Mixing Cure & Seasoning
Gary T last edited by
Quick question? Why is it NOT recommended to mix your cure and seasoning until it’s ready to be used??
Because the Excalibur Jerky Seasoning comes in bags suited to use 25# of meat I wanted to break it down into smaller mixing batches, I know I don’t mix 25# of meat at a time, I usually cut it in half for 12.5# each. Anyway I’d really like to mix all the cure and seasoning once then break in down for smaller batches of meat for later use, also when I say later I only mean like 1-3 months.
Thanks Gary T.
@Gary-T Some spices and extractives can react with the cure and will render it ineffective when it is added to your meat so it will not cure the meat as it should. The USDA and FDA ruled on this. Now, since some spices affect it and some don’t there is no way to know if you would have this issue but it’s better to just be safe. If it were me, I would break the seasoning down into smaller batches, there are 6 teaspoons of cure in a 1 oz package so everytime you are doing a 5 lb batch i’d just add a little over a teaspoon of cure.
Gary T last edited by
@jonathon Thanks much Jonathan, well if that’s the case it’s a no brainer NOT to mix in the cure prematurely. I’d hate to waste a good batch Jerky cause the cure didn’t work. Thanks again for the great info.
Just an FYI, everybody that received snack sticks for Christmas last year loved them… I just ordered another batch of Willie’s Snack Stick spice blend to do it again this year!
Jonathon, I have to agree that 275 is too hot… If you have the time I’d shoot for 225, but if it needs to be “done”, then 250 would be the max I would do…
I have always filled the water pan for everything I smoke… 2 reasons, first it does tend to add moisture during the long cook thus keeping the bark from turning to shoe leather… and second because the water pan acts as a heat sink and helps maintain the temperature (in my vertical propane smoker) a bit more accurately… I’ve heard folks tout using apple juice in the water pan to impart a sweeter flavor, but I’ve never tried it…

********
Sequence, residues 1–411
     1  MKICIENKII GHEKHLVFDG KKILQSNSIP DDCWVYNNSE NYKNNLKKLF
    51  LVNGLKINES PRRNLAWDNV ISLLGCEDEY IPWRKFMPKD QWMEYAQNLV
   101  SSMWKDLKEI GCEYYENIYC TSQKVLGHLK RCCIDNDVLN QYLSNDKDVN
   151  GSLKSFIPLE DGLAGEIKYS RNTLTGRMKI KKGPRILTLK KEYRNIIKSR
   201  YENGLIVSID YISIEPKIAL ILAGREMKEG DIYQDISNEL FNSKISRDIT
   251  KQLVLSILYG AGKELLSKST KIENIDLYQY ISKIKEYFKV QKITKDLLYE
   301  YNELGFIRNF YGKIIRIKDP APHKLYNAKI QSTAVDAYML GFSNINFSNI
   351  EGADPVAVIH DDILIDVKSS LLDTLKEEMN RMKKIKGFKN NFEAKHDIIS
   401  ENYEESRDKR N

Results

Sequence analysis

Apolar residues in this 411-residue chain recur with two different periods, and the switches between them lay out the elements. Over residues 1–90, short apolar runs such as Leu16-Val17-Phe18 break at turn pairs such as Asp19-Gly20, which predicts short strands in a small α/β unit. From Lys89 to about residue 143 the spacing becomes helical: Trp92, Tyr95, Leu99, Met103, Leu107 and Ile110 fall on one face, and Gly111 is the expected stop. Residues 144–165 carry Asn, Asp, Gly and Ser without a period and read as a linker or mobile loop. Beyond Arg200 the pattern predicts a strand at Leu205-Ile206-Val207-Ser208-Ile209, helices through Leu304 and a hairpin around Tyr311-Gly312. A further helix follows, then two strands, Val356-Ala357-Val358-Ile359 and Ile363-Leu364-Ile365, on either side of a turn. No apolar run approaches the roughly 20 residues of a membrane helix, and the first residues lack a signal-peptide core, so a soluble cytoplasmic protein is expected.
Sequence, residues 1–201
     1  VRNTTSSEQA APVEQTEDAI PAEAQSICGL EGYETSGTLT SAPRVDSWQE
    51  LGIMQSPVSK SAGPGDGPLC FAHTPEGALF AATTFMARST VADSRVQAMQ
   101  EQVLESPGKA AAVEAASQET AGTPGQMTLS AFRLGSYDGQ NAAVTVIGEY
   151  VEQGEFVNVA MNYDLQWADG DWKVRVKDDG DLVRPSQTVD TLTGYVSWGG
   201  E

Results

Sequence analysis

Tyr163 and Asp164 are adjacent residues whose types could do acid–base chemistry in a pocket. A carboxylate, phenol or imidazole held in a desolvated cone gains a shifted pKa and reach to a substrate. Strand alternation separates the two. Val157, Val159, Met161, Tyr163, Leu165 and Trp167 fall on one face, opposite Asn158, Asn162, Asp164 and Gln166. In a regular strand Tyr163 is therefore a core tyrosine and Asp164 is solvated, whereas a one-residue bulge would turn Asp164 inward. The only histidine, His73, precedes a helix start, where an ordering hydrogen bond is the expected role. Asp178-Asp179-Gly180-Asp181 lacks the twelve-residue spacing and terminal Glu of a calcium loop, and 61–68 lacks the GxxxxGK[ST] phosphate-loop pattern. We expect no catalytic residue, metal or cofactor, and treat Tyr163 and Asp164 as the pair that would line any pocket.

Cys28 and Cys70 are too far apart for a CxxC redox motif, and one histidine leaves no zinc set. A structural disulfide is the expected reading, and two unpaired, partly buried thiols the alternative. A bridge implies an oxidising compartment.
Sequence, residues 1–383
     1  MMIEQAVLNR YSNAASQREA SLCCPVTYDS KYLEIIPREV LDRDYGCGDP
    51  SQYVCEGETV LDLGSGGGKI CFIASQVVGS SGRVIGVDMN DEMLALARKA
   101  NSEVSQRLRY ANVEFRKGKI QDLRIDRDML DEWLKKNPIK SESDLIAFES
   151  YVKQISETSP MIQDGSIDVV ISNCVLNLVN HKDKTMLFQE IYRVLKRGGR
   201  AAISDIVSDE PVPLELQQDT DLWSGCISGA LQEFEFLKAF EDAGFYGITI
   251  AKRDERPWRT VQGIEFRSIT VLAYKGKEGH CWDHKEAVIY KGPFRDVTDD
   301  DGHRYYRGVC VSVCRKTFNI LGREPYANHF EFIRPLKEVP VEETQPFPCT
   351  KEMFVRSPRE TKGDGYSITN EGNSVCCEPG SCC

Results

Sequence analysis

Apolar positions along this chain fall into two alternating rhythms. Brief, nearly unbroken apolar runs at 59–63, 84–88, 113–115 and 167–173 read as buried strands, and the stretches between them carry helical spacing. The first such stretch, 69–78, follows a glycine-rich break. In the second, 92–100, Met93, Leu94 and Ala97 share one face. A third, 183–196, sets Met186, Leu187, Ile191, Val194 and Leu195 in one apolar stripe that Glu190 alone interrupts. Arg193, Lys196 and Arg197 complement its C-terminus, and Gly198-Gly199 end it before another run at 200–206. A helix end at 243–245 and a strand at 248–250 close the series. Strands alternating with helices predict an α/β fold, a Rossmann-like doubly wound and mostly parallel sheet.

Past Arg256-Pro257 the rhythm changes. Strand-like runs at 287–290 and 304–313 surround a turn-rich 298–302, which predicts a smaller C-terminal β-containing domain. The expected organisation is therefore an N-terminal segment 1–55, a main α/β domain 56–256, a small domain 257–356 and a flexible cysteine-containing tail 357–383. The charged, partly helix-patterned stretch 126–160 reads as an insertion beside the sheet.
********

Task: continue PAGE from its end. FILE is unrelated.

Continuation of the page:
On the other hand, my dad smoked for years, mostly in a converted fridge with an electric hotplate in the bottom… he never used a water pan and never had an issue with dry meat…
As for the type of wood to use, that’s just a trial and error, personal preference thing… I happen to like steaks cooked with oak… that may be too strong a flavor for your taste (my GF hates it)… Recently I have been using a lot of maple for NC bbq, chicken and even cheese… I like the maple for the meats, but next batch of cheese will go back to the hickory / cherry mix that I was using…
I followed the instructions on the video. It may have something to do with the sausage not getting as firm as it should. I used the cotto salami on duck breast with pork fat. It sure tastes good. But it’s a little soft.
I’ve done a lot both ways. I would highly recommend a stuffer and I have the Weston grinder with the auger stuffing attachment. It’s slow, but if you’re doing 5# or 10# batches, it’s not that bad. I’ve had small 5# stuffer, old school cast iron Enterprise, 11# vertical and now a 35# hydraulic. Don’t get me wrong I wouldn’t trade the hydraulic but the 11# vertical I got on amazon had a lot of versatility. I think your bigger decision should be what type of stuffer should I buy. I would recommend the taller, smaller diameter instead of the large shorter one. The smaller diameter allow for a higher pressure for doing sticks with cure in them. The large short ones would be great for doing pork sausage or larger diameter casings, not 19-22mm sticks with cure. It would be fine as long as you’re doing fresh like breakfast or something like that. If you go the stuffer route I’d get it from Waltons and get the Weston-they stock parts, other no name from amazon is a one shot deal, once ours broke couldn’t find parts. Plus they have so many tube sizes now and Walton’s does a great job helping with casing and stuffing horn sizes, they carry them all.
I purchased a stuffer off Amazon for under $100 and would never go back to using the grinder. With the grinder, it was always a two man job and took forever. The stuffer is much faster and have no problems doing it all by myself. Plus with a hand crank stuffer, no electricity usage and wear and tear on your grinder.
Thank You Sir: